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Charlie: As kids, most of us dream with playing guitar, drums, or sing, what have you… How was it that you decided to go for the mixing consoles and production work?

Christian: Well, I always loved music, but I think I decided to go into production because of my other love, that of computers. Also, I was interested from early on in sound design. And I finished high school right at a time when electronic music was exploding in Mexico – with international DJ acts visiting weekly, Sasha, Paul Van Dyke, Digweed – Mexico had become a center of dance music. So right out of school, you combine all of this happening, my love of computers, and I decided to study production. I was fortunate to be able to study in the US. My first instrument, in fact, is guitar – which I’ve been playing since forever – and specialization was in sound design.

Charlie: So does guitar came before computers?

Christian: Guitar came first. However, it was when I started with sound design that everything became more serious. 

Charlie: Leaving aside your commercial work with advertising, film and the like – which artist was the most enjoyable for you to work with, or you feel that your work came out the greatest?

Christian: That’s so hard… Look, I love to collaborate. Because you learn from everyone – and hopefully I’ve been able to instill some wisdom here and there too. But let me answer in a slightly different way – the artist from which I was most hesitant about my expectations to work together and something wonderful came out of it, was Nortec Collective. I was having conversations with Roberto Mendoza and I really didn’t know what was going to come out of it, because they have a style that is very unique, very personal, very regional Mexican, and I am a little darker, a little more depressive – if you allow me the term -, and without sound that is particularly Mexican, truly. So I didn’t know what was going to come out of that mix – but it turned out to be something very interesting, and I really enjoyed the process. 

Because electronic music, if you think about it, was something pretty experimental, something that moved in the underground. Yes, you can argue that the 80s were using a lot of electronic instruments and sampling, but that was nothing like what we know as electronic music.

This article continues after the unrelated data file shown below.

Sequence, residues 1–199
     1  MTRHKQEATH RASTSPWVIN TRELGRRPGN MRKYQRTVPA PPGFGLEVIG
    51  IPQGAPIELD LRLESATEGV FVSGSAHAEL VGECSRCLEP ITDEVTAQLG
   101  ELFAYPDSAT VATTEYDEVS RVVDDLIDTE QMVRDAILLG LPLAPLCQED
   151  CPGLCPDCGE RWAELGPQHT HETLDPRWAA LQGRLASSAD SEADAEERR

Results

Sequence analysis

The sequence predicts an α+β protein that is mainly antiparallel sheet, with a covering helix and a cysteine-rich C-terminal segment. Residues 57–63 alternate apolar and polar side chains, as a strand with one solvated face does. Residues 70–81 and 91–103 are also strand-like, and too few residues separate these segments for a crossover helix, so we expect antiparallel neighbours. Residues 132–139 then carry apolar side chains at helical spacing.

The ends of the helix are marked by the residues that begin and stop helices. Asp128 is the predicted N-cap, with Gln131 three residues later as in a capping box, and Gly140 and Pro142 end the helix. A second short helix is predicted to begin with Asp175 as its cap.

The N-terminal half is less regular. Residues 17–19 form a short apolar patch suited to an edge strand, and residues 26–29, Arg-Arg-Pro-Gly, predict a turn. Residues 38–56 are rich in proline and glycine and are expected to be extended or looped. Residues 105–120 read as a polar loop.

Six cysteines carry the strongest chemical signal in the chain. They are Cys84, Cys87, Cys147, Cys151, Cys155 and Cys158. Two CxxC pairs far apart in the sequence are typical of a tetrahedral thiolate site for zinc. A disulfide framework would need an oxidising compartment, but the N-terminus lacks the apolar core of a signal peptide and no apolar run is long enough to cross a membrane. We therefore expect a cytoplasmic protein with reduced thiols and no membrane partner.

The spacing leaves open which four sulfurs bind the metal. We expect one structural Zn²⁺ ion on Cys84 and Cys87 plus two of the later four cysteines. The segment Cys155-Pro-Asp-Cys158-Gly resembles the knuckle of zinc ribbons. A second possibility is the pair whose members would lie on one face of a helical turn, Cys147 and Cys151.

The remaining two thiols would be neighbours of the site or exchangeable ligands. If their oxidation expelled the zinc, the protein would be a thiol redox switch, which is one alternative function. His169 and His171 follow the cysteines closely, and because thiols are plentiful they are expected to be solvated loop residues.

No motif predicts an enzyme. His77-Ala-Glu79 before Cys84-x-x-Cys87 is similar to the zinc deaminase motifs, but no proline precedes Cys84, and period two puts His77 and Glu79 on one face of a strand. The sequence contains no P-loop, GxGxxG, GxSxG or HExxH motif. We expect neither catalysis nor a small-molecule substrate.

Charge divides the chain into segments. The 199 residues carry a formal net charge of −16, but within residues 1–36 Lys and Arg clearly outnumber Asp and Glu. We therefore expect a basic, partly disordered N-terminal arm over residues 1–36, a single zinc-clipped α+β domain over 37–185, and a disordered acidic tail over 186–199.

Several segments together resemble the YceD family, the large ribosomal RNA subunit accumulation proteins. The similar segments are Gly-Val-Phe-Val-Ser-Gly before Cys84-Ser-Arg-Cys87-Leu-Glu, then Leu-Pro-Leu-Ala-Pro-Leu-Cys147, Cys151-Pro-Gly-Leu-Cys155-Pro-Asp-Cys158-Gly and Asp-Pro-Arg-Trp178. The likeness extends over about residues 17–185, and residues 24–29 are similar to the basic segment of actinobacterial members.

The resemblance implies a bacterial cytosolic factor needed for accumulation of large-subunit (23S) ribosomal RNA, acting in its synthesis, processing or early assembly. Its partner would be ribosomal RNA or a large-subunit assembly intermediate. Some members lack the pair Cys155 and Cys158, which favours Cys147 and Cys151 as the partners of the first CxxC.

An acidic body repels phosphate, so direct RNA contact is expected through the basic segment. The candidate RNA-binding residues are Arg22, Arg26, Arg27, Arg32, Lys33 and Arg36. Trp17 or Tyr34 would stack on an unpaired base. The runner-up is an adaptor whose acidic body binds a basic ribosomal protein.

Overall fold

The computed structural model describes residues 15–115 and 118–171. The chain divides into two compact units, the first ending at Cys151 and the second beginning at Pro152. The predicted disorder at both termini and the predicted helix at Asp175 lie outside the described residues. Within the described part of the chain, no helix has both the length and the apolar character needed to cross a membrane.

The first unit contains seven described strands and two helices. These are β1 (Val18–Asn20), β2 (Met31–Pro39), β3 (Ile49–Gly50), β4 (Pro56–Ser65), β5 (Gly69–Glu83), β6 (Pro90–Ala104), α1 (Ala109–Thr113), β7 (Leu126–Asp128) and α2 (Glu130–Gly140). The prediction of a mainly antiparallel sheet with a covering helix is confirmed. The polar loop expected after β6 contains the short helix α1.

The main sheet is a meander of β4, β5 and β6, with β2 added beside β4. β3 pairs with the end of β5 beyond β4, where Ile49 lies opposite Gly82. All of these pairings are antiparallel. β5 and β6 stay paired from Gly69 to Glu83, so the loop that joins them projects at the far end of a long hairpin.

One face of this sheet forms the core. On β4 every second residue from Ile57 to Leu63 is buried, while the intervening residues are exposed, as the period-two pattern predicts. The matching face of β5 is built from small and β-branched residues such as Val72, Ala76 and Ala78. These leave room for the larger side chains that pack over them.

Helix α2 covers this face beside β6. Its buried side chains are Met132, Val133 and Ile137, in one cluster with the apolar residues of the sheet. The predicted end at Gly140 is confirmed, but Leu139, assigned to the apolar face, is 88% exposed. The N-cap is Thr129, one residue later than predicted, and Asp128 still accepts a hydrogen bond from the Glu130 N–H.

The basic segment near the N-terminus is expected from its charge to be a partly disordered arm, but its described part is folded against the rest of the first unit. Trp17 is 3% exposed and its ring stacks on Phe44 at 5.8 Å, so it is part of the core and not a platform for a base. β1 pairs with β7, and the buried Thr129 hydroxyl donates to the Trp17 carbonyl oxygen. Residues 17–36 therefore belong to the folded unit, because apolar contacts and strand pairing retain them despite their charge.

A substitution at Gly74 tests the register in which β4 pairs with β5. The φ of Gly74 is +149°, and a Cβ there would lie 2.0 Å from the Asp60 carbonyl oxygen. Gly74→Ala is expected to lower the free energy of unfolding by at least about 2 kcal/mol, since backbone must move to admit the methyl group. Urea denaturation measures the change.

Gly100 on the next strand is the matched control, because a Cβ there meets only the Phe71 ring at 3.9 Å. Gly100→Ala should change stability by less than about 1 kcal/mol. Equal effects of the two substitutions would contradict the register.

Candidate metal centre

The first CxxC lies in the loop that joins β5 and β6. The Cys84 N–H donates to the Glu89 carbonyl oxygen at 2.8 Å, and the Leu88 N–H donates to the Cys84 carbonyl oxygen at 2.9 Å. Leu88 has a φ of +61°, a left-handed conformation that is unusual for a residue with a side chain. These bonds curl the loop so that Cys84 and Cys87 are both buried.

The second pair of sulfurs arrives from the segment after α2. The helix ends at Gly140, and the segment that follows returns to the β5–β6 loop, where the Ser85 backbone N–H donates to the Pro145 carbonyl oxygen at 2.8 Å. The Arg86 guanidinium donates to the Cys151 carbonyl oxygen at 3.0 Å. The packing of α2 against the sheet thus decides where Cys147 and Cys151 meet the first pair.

Charlie: And what about artists that you would like to experiment with their sounds?

Christian: Well, I think that it’s the role of the producer in general – not just with this or that artist, but with any act that comes your way. I listen to a track and I can help by imagine how I would work it. For instance, I’m working with this band from Mexico now that – in and of themselves – have a sound that we can say it’s rather obvious; however, they are impressive musicians and their compositions are amazing – so since I’ve heard them I’ve imagined how to replace some sounds, work with the vocals, adjust some parts, and now the final work it’s bigger than the sum of the parts, if I may say that. But that’s the work of the producer, right? I sometimes hear someone on the radio and I can realize there’s a great voice, a good melody, but an overall result that is quite predictable and I think how I would’ve taken it on a different direction. Then again, probably my version wouldn’t have sold nearly as much!

Charlie: Now let me take you away from your role as a producer. How do you write for your own project? Is it from a sound, a melody, a drum pattern, a mood?

Christian: Each song has its own way of growing. Most of the time – for me – it starts with a guitar part. Sometimes I start with a rhythm, but in my experience, those tracks tend to not work that well. It’s rare, but it has also happened that I have a vocal melody – and I start dressing around it. I don’t have a formula – but I would say that 60% of the time I start with a guitar.

Charlie: Going back to the producer; which albums can you recall that have changed the standard of sound for a genre or an era?

Christian: What could it be? One of the albums that have affected me the most has to be ‘Nevermind’ from Nirvana. Although it was rock – or ‘grunge’ – it still pretty much put the final lid on the 80s. Also ‘Violator’ from Depeche Mode, I think that album took electronic music mainstream. Because electronic music, if you think about it, was something pretty experimental, something that moved in the underground. Yes, you can argue that the 80s were using a lot of electronic instruments and sampling, but that was nothing like what we know as electronic music. Also ‘Ambient Sounds’ by Apex Twins, whom I follow very closely. 

Charlie: Last one – how much would you say is the influence of the producer on the final product? 

Christian: I think it depends on the genre. There are some genres – take Jazz, for instance – that don’t need a whole lot of tweaking. But in the ‘commercial’ world, I would say that production is very important. Not long ago I was listening to some demo tapes from Amy Winehouse, just her voice with a guitar that sounded awful. You can here that it’s all there – the power, the charisma, the voice – but once those songs were properly produced, they become what the world came to know.

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